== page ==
A question of innovation

Innovation - sIn any given organisation there will be lots of people who have ideas as to how things could be improved, new services that could be provided, new ways to deliver outcomes. The problem is, most of those ideas won’t make a great deal of difference to your organisation, or the people you serve. Not because they’re bad ideas, but because they’re not sufficiently “better” to change people’s behaviour.

Launching a new product or service can be one of the biggest investments of time and money, one of the biggest gambles, any organisation can make. So how can you make sure you’re backing a winner?  First, you answer one question with brutal honesty: “Is it dramatically better?”

Ten years ago, fast-casual dining was taking the restaurant market by storm. Pizza Express, Carluccio’s, Giraffe, Byron and the like, were all expanding at ridiculous rates because, back then, they were dramatically better than anything else on the high street. But the world quickly moved on. Now there are plenty of better alternatives, and all of those chains are shedding staff, closing stores, and negotiating with landlords just to stay afloat.

All of them had over a decade to reinvent their offer, to make it dramatically better again, but none of them did. Instead, they tweaked around the edges, going through the motions, churning out new variations that offered little or nothing that was genuinely better than what was already out there, and now they’re paying the price.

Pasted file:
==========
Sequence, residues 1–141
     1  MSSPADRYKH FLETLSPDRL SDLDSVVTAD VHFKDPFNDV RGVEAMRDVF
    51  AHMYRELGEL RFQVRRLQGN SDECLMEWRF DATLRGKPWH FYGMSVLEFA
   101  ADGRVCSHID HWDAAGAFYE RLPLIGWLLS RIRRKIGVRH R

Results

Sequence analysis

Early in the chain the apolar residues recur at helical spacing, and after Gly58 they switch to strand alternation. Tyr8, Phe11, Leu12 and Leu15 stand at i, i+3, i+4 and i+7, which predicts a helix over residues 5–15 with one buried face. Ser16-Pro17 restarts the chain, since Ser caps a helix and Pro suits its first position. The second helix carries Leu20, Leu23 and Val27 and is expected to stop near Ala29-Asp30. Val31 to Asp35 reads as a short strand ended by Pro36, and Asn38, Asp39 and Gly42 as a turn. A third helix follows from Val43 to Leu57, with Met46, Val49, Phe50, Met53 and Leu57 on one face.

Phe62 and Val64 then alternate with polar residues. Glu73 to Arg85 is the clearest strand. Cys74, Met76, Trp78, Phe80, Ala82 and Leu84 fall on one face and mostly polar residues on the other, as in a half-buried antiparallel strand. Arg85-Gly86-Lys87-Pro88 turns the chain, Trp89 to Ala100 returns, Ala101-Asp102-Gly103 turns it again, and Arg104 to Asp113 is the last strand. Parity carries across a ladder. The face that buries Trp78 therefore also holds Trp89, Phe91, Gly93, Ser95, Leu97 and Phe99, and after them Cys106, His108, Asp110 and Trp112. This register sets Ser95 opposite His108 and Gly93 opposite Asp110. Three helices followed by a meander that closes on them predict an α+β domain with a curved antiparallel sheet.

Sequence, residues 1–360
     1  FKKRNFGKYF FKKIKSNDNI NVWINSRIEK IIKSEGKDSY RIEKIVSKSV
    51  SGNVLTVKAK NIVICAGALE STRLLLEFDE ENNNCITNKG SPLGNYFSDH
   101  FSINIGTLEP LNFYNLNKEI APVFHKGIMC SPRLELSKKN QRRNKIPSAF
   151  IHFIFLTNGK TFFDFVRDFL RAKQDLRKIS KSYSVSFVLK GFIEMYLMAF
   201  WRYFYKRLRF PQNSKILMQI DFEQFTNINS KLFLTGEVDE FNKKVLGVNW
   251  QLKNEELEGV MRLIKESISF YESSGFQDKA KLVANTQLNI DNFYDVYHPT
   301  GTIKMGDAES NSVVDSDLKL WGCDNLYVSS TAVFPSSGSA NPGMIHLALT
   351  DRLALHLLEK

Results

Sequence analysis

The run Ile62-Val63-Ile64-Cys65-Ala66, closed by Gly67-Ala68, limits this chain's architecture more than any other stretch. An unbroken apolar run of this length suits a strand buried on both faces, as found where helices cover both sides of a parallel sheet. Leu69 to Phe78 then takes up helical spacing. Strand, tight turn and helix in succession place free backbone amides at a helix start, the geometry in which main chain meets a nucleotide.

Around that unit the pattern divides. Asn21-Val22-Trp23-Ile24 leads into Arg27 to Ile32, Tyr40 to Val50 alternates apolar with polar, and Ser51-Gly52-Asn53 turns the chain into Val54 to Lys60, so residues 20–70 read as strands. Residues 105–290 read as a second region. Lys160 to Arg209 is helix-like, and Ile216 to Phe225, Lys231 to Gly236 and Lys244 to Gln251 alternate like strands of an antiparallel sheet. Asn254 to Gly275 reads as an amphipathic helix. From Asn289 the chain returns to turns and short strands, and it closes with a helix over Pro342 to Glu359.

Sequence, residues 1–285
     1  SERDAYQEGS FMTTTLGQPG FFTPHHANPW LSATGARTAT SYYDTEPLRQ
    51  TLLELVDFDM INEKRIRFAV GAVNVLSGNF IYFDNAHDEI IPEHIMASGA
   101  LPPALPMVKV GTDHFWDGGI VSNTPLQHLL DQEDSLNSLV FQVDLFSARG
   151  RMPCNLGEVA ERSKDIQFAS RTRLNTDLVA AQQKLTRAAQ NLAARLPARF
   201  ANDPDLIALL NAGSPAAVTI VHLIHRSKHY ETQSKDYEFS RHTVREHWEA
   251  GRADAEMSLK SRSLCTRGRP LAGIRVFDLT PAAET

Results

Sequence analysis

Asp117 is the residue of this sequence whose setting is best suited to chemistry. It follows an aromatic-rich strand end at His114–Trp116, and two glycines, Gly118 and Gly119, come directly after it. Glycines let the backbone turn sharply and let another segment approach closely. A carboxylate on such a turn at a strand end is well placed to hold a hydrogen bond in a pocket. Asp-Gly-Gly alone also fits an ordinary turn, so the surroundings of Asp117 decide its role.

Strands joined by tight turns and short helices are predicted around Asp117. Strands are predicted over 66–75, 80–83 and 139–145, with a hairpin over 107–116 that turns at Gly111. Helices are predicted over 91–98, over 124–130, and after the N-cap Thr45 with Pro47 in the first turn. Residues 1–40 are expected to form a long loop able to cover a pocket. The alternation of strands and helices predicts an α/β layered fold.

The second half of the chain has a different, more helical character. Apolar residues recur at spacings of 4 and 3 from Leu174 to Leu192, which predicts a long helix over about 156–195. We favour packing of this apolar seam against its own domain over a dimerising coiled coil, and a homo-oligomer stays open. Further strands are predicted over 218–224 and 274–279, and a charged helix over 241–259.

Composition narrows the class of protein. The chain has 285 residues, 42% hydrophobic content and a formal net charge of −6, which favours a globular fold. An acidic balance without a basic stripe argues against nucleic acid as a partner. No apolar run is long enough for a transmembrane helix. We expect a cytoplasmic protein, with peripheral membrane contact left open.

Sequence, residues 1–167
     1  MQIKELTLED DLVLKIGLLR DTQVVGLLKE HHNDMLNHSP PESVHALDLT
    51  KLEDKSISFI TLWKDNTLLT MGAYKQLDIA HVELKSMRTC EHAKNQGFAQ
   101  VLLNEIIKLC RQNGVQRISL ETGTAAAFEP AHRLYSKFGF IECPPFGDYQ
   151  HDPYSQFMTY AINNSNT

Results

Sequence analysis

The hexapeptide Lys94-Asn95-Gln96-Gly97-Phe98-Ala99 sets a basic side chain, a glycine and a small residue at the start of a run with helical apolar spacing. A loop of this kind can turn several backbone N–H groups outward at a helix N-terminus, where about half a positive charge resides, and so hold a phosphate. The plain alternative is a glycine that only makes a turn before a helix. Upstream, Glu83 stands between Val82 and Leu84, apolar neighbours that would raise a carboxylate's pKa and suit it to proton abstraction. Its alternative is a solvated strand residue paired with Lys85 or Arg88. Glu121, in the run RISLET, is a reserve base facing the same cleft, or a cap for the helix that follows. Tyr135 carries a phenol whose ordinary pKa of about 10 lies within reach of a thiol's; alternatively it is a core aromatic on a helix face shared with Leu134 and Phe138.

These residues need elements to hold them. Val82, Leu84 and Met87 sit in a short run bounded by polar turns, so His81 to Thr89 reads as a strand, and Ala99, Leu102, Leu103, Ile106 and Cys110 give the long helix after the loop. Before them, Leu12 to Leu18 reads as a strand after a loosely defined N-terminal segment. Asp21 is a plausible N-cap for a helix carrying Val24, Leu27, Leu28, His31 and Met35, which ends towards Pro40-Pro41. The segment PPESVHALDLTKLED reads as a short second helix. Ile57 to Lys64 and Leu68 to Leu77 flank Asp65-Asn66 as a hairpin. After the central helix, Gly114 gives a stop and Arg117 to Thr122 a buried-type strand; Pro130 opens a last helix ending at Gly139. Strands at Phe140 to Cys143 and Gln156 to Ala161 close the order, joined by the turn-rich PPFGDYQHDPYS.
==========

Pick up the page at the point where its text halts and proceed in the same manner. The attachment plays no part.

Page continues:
There are two levels to innovation, the low-level of continuous improvement, and the higher, riskier level of fundamental change. And while there are plenty of organisations who do the former relatively well, there are few, especially in the charity sector, who are adept at the latter. Can you remember the last genuinely game-changing innovation in fundraising, for example?

It’s not an either/or equation – incremental improvement is important, but it can only take you so far. Beneficiaries and funders want much simpler, cheaper access to significantly better outcomes, and if you’re not at least looking at some radical ways to bring that about, sooner or later someone else will probably come along with a solution, and like those big restaurant chains, you’ll be left with some painful decisions to make. Too many organisations, in both the commercial and the third sector, focus far too much of their energy on minor improvements, incremental tweaks, rather than looking for the “next big thing” that will transform outcomes and value for funders, users and customers.

So, before you invest, look hard at each of your potential new innovations, and ask yourself:

  • Is it “dramatically better” and if so, how can we articulate that simply and compellingly?
  • Could it change the way these kinds of services are provided across the sector?
  • Can we easily identify who will want it, and of those that want it, who will pay for it?

Not only will the answers help you evaluate and prioritise your ideas, they will define your strategy for launching and scaling up. But beyond that, the questions themselves, if routinely asked and answered with brutal honesty, will transform your approach to innovation.

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